• No abstract prepared.
  • Most of radiation damages in materials are structural changes (radiation-induced defects), but the origins of radiation-induced demagnetization of permanent magnets can be explained by a magnetization reversal caused by a thermal process. We propose a model for the mechanism of radiation-induced demagnetization and suggest some protections strategies.
  • The Beamline 9 Wiggler was designed by Intermagnetics to produce a 16 milliradian fan of high energy x-rays into three experimental stations. The device has a 26 cm period and contains 7.5 full-strength periods. The minimum air gap is 2.1 cm. At minimum gap, a peak field of 1.9 Tesla and a half-period integrated field strength of {ge}16.646 T-cm were specified by the Stanford Synchrotron Radiation Laboratory (SSRL). A combination of analytical, PANDIRA, and scale models were used to develop a novel {open_quote}{open_quote}compact pole{close_quote}{close_quote} magnetic design. This design achieved 2.04 T peak field while maintaining a minimum of 17.816 T-cmmore » half-period integrated field strength. Magnetic performance of the device was confirmed through the use of an Intermagnetics-designed Hall Probe scanning system as well as by long and short coil measurements. {copyright} {ital 1996 American Institute of Physics.}« less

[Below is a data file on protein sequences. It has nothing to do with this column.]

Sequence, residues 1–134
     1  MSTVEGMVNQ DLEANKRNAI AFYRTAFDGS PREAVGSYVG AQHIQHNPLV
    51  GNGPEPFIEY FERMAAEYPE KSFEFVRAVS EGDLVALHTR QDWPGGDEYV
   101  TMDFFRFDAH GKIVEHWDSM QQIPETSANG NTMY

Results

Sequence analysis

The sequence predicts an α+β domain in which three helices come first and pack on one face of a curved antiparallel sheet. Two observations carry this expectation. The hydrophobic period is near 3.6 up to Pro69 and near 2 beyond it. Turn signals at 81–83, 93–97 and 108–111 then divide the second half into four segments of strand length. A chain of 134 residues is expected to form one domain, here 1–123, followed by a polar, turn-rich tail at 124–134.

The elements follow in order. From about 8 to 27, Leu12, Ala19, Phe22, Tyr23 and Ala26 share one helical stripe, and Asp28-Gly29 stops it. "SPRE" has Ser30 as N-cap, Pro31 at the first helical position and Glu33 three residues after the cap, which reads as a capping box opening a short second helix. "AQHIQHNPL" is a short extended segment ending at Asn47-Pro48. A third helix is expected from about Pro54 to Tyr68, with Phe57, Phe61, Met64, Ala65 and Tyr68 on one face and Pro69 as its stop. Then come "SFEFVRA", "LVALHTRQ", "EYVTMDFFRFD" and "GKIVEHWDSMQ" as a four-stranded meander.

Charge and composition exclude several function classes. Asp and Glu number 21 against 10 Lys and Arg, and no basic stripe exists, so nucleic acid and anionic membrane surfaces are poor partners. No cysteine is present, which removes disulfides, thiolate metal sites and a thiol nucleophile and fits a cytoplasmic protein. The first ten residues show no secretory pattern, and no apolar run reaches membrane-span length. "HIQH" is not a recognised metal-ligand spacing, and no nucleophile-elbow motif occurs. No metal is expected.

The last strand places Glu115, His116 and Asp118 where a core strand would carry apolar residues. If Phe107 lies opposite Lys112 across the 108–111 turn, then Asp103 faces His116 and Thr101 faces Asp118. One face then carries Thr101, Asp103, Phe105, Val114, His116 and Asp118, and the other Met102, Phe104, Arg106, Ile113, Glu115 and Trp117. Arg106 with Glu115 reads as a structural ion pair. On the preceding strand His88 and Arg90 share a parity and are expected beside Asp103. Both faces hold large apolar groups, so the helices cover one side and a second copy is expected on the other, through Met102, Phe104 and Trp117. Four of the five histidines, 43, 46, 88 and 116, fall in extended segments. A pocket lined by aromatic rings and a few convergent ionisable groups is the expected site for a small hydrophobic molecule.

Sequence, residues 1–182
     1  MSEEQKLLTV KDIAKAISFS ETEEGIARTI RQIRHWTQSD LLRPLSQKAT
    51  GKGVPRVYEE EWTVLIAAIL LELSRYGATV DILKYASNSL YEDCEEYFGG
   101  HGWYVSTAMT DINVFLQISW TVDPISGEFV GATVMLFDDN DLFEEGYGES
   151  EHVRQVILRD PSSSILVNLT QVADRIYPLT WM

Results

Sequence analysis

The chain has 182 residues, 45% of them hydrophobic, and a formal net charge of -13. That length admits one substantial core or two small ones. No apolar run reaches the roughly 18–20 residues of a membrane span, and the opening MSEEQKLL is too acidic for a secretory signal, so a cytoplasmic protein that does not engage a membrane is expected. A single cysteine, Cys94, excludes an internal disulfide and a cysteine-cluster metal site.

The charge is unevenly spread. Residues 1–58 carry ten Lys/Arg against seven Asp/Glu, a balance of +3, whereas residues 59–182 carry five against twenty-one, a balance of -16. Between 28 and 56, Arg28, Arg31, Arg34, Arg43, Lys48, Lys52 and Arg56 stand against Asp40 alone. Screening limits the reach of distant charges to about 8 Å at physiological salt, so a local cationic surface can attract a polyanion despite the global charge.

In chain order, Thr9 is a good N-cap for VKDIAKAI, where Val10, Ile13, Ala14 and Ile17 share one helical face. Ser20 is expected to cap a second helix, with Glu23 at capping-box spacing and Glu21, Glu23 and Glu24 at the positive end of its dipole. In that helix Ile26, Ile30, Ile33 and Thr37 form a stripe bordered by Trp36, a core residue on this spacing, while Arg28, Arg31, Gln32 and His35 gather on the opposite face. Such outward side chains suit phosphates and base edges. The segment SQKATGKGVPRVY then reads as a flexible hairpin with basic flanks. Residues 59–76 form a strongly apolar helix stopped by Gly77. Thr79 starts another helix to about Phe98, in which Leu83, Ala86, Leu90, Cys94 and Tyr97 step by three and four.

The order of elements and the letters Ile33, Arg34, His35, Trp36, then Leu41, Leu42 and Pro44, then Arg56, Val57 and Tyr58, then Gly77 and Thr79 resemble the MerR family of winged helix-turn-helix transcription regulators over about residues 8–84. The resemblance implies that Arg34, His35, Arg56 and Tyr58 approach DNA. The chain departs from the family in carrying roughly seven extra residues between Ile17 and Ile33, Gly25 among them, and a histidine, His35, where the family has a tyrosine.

• A radioactive radiation source in which the carrier absorbing the radioactive material or the material itself forms a permanent magnet or permanent magnet system is described. In this way the radiation source could be fasiened temporarily in the desired place on ferromagnetic parts, stands, or plates without using any mechanical clamp devices. Also, not too heavy ferromagnetic objects, which are to be irradiated or investigated, could be brought to adhere to the source itself. According to the claims the radioactive material could be embedded in the permanent magnet during its fabrication. It is also possible to construct the magnet frommore » activated materials. The preparation of the radiation source is described in detail. (J.S.R.)« less